Here's an unlikely scenario ... a small asteroid (about 45 meters across) passes a mere 17,000 miles (28,000 km) from Earth. That's close in galactic terms, but it's still, you know, 17,000 miles away. What makes last Friday special was that a few hours before that closest approach, this happened: one of the brightest meteor strikes on Earth in the past century.
What's fun about this is that there's no reason to think the two events are related. All accounts have the meteor coming in from the opposite direction. Of course, folks online spent days trying to twist things around to force a connection.
Maybe that meteor was orbiting the asteroid? No. That tiny roid probably couldn't hold a tennis ball in orbit at a few hundred miles.
Maybe that meteor broke off from the asteroid a gazillion years ago and is part of the same stream of debris? No. Moving the other way?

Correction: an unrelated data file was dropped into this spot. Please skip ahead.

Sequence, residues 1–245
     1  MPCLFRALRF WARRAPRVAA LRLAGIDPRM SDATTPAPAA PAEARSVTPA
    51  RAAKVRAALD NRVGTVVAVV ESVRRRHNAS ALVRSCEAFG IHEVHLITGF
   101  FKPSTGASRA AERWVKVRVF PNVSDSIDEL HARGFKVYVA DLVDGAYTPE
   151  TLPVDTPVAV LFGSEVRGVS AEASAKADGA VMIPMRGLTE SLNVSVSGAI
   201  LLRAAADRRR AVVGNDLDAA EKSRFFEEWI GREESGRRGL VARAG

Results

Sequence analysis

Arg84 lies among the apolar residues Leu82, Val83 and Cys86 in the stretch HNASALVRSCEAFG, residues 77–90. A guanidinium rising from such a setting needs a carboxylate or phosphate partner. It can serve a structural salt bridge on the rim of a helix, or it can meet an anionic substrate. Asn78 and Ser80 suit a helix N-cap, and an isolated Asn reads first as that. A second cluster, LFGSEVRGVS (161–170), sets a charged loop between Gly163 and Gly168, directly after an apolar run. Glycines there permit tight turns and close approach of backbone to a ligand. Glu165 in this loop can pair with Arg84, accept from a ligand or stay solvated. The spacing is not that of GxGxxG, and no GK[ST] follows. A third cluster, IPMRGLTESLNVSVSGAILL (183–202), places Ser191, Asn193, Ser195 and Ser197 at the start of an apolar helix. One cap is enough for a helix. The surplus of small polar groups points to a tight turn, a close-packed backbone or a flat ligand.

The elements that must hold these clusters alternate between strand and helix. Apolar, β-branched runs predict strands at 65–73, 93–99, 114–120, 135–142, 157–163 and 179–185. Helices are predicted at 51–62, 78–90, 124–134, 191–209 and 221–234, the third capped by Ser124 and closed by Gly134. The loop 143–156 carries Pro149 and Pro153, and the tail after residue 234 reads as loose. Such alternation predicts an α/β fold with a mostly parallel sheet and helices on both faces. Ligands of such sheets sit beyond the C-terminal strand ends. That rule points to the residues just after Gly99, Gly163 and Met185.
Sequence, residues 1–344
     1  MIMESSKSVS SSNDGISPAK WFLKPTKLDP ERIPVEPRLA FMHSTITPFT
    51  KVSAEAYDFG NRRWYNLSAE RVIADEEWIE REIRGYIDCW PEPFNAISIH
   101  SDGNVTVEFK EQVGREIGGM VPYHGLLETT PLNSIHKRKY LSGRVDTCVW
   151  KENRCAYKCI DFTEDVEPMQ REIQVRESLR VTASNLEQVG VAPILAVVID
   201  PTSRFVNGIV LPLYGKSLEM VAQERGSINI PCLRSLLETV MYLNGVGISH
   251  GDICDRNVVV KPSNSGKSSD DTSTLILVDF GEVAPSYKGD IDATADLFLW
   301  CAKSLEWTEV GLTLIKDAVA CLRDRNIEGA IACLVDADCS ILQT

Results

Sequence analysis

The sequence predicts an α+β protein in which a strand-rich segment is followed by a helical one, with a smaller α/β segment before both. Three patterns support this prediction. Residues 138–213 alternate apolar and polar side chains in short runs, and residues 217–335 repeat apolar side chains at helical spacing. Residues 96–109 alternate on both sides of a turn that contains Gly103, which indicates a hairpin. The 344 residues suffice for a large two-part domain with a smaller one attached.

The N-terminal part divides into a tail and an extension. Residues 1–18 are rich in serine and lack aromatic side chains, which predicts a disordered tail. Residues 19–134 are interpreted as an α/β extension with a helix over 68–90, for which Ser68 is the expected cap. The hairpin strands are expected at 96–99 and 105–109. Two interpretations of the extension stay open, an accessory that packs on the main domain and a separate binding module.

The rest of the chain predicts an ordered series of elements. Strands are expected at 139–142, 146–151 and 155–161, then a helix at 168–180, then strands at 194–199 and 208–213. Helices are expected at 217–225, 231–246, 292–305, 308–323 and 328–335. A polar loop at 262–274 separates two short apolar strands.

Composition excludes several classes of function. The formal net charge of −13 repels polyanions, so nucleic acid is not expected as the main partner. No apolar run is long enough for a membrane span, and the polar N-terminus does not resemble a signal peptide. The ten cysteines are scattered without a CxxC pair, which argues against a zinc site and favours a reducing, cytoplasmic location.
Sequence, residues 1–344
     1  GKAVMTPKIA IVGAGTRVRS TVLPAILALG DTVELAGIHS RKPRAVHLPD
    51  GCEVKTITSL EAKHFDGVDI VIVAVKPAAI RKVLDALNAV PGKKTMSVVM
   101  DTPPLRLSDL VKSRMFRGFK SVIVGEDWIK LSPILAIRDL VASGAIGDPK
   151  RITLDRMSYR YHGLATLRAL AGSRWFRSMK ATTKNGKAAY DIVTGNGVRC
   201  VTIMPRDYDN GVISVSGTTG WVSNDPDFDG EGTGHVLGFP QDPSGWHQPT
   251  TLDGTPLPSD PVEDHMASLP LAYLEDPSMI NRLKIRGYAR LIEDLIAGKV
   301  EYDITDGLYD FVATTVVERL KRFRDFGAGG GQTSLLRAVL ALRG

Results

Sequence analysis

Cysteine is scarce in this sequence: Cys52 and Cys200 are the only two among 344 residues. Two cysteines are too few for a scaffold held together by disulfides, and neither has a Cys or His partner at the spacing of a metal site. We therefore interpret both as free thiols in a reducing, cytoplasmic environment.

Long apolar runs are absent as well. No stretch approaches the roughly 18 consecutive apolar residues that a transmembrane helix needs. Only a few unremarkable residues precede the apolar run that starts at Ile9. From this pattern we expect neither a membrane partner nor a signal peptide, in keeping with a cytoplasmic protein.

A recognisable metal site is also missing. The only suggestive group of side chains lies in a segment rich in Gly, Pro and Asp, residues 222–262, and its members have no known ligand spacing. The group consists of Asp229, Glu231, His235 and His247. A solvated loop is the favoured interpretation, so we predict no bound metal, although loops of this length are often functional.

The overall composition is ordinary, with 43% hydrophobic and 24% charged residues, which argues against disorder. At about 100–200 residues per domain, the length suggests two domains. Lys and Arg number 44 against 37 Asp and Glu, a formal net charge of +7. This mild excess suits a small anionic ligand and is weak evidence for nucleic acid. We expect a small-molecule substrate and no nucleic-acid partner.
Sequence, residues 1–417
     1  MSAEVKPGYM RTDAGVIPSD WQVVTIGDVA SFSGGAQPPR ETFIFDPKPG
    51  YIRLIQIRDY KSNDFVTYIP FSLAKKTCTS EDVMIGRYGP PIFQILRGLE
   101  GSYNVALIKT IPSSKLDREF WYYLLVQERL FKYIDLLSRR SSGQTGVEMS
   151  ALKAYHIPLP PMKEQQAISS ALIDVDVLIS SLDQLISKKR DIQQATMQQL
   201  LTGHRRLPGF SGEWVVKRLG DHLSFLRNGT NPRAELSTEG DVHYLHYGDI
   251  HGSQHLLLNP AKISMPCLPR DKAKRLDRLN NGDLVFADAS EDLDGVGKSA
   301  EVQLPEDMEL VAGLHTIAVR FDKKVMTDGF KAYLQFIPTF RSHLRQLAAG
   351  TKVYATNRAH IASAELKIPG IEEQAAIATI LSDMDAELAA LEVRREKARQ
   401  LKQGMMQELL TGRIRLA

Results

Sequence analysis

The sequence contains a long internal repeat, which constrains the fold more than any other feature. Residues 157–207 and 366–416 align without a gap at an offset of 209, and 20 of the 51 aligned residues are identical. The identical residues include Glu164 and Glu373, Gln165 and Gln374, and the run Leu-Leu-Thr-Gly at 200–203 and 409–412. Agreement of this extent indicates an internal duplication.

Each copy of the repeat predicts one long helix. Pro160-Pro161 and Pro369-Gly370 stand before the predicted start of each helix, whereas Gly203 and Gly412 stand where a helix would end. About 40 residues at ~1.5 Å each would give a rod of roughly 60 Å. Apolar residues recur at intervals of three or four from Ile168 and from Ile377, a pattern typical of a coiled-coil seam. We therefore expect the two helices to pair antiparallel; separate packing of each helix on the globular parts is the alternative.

Maybe observers got the directions wrong? Sure, start doubting the obvious. Each object had a very clear direction, no error about it.
Yeah, but maybe there's a conspiracy to keep us from feeling threatened? To get here, we have to doubt the obvious, make stuff up, and fall off a diving board. Stop it.
Two things CAN happen without there being any connection. Heck, the other day I had two big ebay orders, one from a guy name Xiang and one named Zhang, thousands of miles apart. Aside from finding it odd, there's no sensible point to make about it. In this case, think about it ... it's not like space rocks check their calendars: "Is there anyone else crashing into Earth today? No? Okay, here I come!"
We can keep making wider and wider generalizations -- but both objects came from the Solar System! -- until we end up not saying anything at all. Just record the events, learn what we can and move on. Tons of debris enter the Earth's atmosphere every day. Poof, fizzle, pop. No big deal. Some days are just a lot more strange.